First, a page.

It is inherently unfair to make players go into big matches with different amounts of rest. The problem was exacerbated this week by simply incompetent scheduling.

There can be no rational defense of Wednesday's schedule, which put on Connors-DuPre in the afternoon after each had played tough matches (DuPre's much more debilitating, physically), while Kriek-Gerulaitis was set for Thursday night, after each had two days off. Moreover, Chris Evert vs. Evonne Goolagong was embarrassingly relegated to the grandstand court, where 7,000 seats could not nearly accommodate the 12,000 people who wanted to see it.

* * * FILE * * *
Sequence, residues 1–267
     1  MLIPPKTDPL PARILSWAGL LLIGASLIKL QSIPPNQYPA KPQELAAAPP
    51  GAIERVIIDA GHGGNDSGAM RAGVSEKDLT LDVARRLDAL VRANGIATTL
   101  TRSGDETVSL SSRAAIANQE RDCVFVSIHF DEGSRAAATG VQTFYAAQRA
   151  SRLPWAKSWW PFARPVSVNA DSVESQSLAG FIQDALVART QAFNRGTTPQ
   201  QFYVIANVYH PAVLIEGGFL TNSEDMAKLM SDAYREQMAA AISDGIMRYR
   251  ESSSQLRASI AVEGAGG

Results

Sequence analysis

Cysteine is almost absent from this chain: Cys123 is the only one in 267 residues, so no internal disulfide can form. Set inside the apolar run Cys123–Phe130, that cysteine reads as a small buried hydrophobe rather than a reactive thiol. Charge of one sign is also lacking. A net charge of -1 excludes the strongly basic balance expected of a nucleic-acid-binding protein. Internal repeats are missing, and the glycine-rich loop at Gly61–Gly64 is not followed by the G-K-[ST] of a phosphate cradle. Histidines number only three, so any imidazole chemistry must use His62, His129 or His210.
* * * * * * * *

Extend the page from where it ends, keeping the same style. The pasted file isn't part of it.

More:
"We had to play Borg-Tanner and Gerulaitis-Kriek at night because Borg and Kriek were the only men who hadn't played a night match," assistant referee Bob Howe explained lamely. Even taking this into account, it would have been much fairer to have played Kriek-Gerulaitis Wednesday night, Evert-Goolagong in the stadium late Wednesday afternoon, Connors-DuPre Thursday afternoon and Borg-Tanner Thursday night.

This was put to Talbert. "I approved the schedule; the decision was mine, and looking back I made a mistake," he said, covering for referee Blanchard and Howe. "I was wrong."

This is little consolation to DuPre, who was properly miffed that Connors was asked if he would prefer to play Wednesday or Thursday while he was not consulted. Or to Borg, who hates to play under lights because he has more trouble seeing the ball.